Regan Tacon has been an important figure in the South African psytrance scene for nearly 2 decades, since starting out as a DJ in the early 1990’s.
His passion and dedication to music extends to various avenues including a touring life, producing music, running Nano Records and organizing festivals like Origin.
Let us start with the beginning of your music career. When did you become involved in the psytrance scene and eventually start performing as a DJ?
That’s 2 different questions to be honest. I got seriously involved in music from the age of 15, playing guitar in Rock and Jazz bands, and studying some classical guitar and percussion too. When I left school the Rave scene was just kicking off in South Africa and I got stuck in immediately.
Within weeks I was buying music, trying to figure out how I could make psychedelic dance music, and then the idea of DJing followed naturally from there. The Goa Trance scene started a year or two after that and when I heard the first Goa Trance I finally found the sound I was looking for. Properly mental psychedelic dance music!
How has the move to the UK affected your duties as label manager, DJ and festival coordinator?
In terms of Nano Records we are upping the game all the time, there is always more to do, and it still feels like we are just starting out in many ways. Being based more in the UK now gives me the chance to push the label even more, things just move faster there, and now I have access to more people and it’s easier to push and develop everything for the label more on a global scale.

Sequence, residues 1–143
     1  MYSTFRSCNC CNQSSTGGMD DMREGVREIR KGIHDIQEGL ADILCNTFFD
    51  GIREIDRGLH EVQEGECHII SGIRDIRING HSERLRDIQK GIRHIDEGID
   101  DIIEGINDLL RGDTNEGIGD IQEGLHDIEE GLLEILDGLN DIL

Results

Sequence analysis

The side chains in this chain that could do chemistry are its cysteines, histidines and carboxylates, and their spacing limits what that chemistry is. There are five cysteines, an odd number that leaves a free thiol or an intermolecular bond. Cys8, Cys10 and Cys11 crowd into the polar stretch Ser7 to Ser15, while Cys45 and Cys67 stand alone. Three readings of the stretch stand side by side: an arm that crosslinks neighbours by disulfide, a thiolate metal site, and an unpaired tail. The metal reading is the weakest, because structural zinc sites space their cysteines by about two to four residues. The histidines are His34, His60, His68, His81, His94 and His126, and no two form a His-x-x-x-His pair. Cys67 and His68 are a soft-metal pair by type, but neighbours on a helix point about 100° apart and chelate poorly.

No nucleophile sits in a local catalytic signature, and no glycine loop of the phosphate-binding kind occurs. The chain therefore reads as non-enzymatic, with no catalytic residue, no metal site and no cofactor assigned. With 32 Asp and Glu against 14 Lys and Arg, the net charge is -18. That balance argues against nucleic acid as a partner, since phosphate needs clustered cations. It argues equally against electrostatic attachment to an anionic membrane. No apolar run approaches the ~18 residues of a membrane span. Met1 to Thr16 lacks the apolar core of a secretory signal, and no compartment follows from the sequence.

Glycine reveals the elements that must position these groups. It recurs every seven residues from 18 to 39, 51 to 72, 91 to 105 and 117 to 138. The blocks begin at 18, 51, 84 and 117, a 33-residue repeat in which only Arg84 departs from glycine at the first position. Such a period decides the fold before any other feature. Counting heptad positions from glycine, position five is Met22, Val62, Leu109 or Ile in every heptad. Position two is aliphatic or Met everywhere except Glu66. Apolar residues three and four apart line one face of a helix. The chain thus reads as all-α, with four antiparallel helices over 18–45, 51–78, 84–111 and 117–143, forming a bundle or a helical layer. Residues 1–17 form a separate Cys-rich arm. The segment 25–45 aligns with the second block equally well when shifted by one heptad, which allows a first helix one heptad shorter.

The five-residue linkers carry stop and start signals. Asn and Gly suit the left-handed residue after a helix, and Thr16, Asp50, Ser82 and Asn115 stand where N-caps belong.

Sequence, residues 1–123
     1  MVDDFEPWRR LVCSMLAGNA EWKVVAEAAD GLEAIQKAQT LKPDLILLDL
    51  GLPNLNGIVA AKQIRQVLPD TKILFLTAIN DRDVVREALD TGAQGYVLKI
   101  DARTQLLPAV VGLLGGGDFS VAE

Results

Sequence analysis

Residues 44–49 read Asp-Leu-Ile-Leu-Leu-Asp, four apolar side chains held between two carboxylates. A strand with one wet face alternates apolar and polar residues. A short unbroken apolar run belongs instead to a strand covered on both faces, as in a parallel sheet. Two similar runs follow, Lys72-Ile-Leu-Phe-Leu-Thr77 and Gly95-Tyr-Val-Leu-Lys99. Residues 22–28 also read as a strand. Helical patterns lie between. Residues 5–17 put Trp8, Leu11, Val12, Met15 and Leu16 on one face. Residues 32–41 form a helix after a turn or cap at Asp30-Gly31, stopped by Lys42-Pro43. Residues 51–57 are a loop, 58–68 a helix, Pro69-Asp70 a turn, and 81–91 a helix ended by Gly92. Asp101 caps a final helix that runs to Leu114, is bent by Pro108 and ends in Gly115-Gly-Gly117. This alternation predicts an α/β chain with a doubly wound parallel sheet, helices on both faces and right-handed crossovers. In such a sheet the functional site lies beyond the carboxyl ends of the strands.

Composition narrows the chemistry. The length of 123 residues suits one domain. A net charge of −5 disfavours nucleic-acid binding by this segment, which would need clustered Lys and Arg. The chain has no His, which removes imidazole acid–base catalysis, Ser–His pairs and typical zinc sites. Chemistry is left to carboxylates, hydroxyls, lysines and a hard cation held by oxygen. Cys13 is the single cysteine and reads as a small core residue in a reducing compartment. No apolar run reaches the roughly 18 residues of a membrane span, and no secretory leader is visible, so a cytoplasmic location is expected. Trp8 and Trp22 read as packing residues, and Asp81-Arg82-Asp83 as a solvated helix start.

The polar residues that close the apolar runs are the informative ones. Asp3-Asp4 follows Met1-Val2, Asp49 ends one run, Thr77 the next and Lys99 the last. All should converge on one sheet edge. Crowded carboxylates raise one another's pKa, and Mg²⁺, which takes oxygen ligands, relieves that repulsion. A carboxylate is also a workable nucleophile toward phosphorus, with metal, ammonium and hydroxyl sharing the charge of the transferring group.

The same can be said for me as a DJ. I have access to more Psy Trance loving countries now, so its way more affordable and quicker to fly to those Psy loving countries for gigs, so more gigs are coming in!
In terms of organizing festivals its same-same as I’m still spending a chunk of time in SA prepping here, and I’m very used to organising things over emails, texts, Facebook and WhatsApp from years of travelling and organising at the same time. It must be said though that playing out more regularly again at events worldwide does mean I get more ideas for our events, and I am constantly reminded of the good and the bad decisions event producers make, so it keeps my game sharp.
You have worked on quite a few collaborations recently. What has that been like? Do you feel your production techniques are improving? Can we expect more frequent releases from you?
It’s been great to get back in the studio again. I’m very lucky to be working with artists that are at the top of their game and are all close friends. I’m still happier collaborating as the back-n-forth, sharing of ideas, is so exciting. Some of it has been like riding a bike again and went super-fast, but there is always so much to learn, even masters like Tristan, Dickster, Burn in Noise, and Laughing Buddha who I have been writing with, they are all always pushing it and learning more.
I’m just trying to remember as much as I can of the new tricks they are now using. …and yes, I’m planning on a lot more music of my own this year. Next up is my track with Tristan, which I will play at Origin this year for sure!